It’s shocking how many couples have silly fights over money. The solution is rather simple. Behind all of this drama are the real issues of valuing your partner’s time, and whether or not you’re a fair person.

That’s right. This should be simple stuff to deal with but, with all those love chemicals going off, it’s hard to be objective. The answer is simple, get “The Envelope.” Now this isn’t some product that’s advertised on late night television, although it probably should be. Just get an envelope, which you and your partner put equal sums of money in. Then, in order to pull money out of the envelope, you both have to write down on a sheet of paper what you purchased, and replace that money with a receipt with your name on it.

So what is a household item? Anything the two of you agree to share the expense of. Delivery food, dinner out as a couple and groceries are all good stuff for that envelope. Spa treatments, dry cleaning, beer out with a buddy, are not in that envelope. Where it gets more interesting is when the money runs out fast, and you both have to put in equal amounts to refill the envelope.

The biggest benefit of the envelope is that you’ll both be dealing with a shared reality based on facts. The facts are that the envelope will either have money in it, or it will have receipts. When everyone knows what they’re spending their money on, both parties will know the real value of that expensive dinner, and will both appreciate it that much more. Now there’s also an option to say to the other person: “I’m inviting you out to dinner” and then pay from outside of the envelope. When that happens, it becomes a real treat.

The envelope works well when both parties are bringing in income, but what happens when one of them isn’t working? It works just the same, except one person puts money in that envelope and sets a budget based on the household’s requirements. So if you’re a new couple, and are wondering how to get off on the right foot, and may or may not be living in the same place, then set up an envelope in both houses.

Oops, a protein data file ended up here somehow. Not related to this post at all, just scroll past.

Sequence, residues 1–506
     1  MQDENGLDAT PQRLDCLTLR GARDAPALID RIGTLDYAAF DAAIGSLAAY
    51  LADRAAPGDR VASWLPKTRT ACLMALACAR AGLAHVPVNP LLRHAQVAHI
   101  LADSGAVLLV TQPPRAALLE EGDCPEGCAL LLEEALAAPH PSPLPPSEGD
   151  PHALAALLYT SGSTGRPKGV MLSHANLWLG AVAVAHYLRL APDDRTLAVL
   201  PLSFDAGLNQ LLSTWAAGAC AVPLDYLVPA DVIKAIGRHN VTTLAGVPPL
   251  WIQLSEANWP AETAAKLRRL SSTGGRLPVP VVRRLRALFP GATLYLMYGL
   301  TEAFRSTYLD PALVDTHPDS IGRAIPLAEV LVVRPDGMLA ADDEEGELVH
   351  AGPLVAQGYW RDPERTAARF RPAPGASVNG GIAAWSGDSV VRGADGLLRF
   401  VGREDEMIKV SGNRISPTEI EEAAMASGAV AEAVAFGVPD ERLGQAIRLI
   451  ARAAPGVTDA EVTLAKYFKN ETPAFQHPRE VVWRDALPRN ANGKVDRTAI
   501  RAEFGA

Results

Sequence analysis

Because roles are expanding, and are no longer gender specific, we need to get away from traditional theories. The basic element that’s being traded is time. You see, time is what a person puts into all activity. Time is the one thing that’s gender neutral. Society today already hires the best person for the job, or they’ll go out of business. So the paycheck you demand in the market is based on an unbiased value society will pay for your time.

Let’s assume my wife’s an attorney who’d invested time and money to get a degree from Harvard, and she bills out at $600 an hour. Let’s also point out that I didn’t graduate elementary school, partied a great deal and now dig ditches for $8 per hour, and it takes me 75 hours to make $600. It makes more sense to have my wife work for $600 per hour while I take care of the children, clean the house and cook the meals.

When my wife comes home, is it fair to ask her to work at home because I’ve been working all day digging ditches for $8 per hour, and I am much more tired then she is? No, it’s not fair because I respect my wife, and value the choices she made with her time. You see, for whatever reason I didn’t figure out a way to get society to value my time more. By not going to college and racking up credit card debt. By not spending years working 20 hour days to get experience in a profession society values, I enter the relationship with my wife having a very serious deficit of time invested in me.

I decided that building a $600 per hour career in the future was less important than traveling, or getting a degree in what society calls a hobby. If people do it for free, it’s most likely a hobby. The years I spent finding myself, backpacking and partying around the globe came at a cost. The way I spent my time has hurt my ability to demand money for my time from society, and it’s only fair that she makes the decisions when it comes to spending the fruits of her time. If I were not married to such a wonderful woman who allowed me to stay home, I’d be working all day digging ditches and coming home to a life of cooking and cleaning alone.

David Alsabery is thinking about the wonderful trips he has taken around the world. He can be reached at alsabery@gmail.com.

Print Friendly